Learn how to create news reports on a smartphone or tablet, with good quality sound and shooting in the correct dimensions.
Run by the BBC Academy, the event aimed to give the students an insight into working in the broadcasting industry.
The morning session on mobile journalism, taken by MoJo guru Marc Settle, gave them the skills to go out into the city and shoot and edit a film entirely on their phones. Grabbing lunch on the go, the completed films were reviewed and a Best Film award given.
The freelance producer and trainer gave a demonstration of the smartphone’s filming capability at an RTS London event in early November.
“No matter how big the tool, it comes down to the person who is actually using [it],” said Mulcahy. “Storytelling is about where the focus is – and understanding how you shoot.”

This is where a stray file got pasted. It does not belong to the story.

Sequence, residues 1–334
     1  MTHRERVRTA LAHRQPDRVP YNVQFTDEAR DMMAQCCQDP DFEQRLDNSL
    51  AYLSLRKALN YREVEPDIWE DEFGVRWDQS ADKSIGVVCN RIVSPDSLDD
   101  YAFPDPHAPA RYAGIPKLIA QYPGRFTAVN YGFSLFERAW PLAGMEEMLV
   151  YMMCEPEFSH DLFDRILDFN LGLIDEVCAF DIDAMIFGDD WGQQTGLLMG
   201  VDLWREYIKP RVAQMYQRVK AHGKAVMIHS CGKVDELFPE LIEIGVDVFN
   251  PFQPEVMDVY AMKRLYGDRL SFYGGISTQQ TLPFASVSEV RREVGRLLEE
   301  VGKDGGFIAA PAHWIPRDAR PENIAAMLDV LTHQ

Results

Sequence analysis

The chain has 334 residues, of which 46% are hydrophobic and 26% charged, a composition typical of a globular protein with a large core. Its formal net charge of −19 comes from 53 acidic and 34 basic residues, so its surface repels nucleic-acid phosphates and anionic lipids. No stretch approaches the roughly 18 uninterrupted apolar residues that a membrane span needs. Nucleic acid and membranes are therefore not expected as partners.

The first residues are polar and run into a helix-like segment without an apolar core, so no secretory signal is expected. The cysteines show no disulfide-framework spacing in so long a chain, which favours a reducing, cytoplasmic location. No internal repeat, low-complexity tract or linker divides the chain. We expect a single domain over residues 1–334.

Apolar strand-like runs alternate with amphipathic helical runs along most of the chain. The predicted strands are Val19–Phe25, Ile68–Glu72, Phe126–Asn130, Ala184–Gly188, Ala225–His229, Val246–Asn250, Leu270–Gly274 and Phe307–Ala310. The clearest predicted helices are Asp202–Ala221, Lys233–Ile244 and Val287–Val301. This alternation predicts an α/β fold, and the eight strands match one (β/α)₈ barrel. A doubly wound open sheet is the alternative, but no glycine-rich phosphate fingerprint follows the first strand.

Renowned futurist David Wood has warned against a world in which “technology runs out of control” and viewers and consumers are “manipulated” by machines.
Wood was speaking on the “Accelerating digital revolution” at a special members-only London Centre event, hosted at IBC, in October.
The futurist, he explained, “anticipates a set of possible futures, including things that could go very badly [wrong], but, equally, is looking for opportunities”. Before embarking on a career as a technological seer, Wood was a pioneer of the smartphone industry.
Today, there is more power in your pocket than in Buzz Aldrin’s wildest dreams, thanks to the rise and rise of the smartphone. This was the starting point for a high-speed peek at how mobiles are changing and building on television content, from potentially enriching natural history programmes to explaining magic tricks.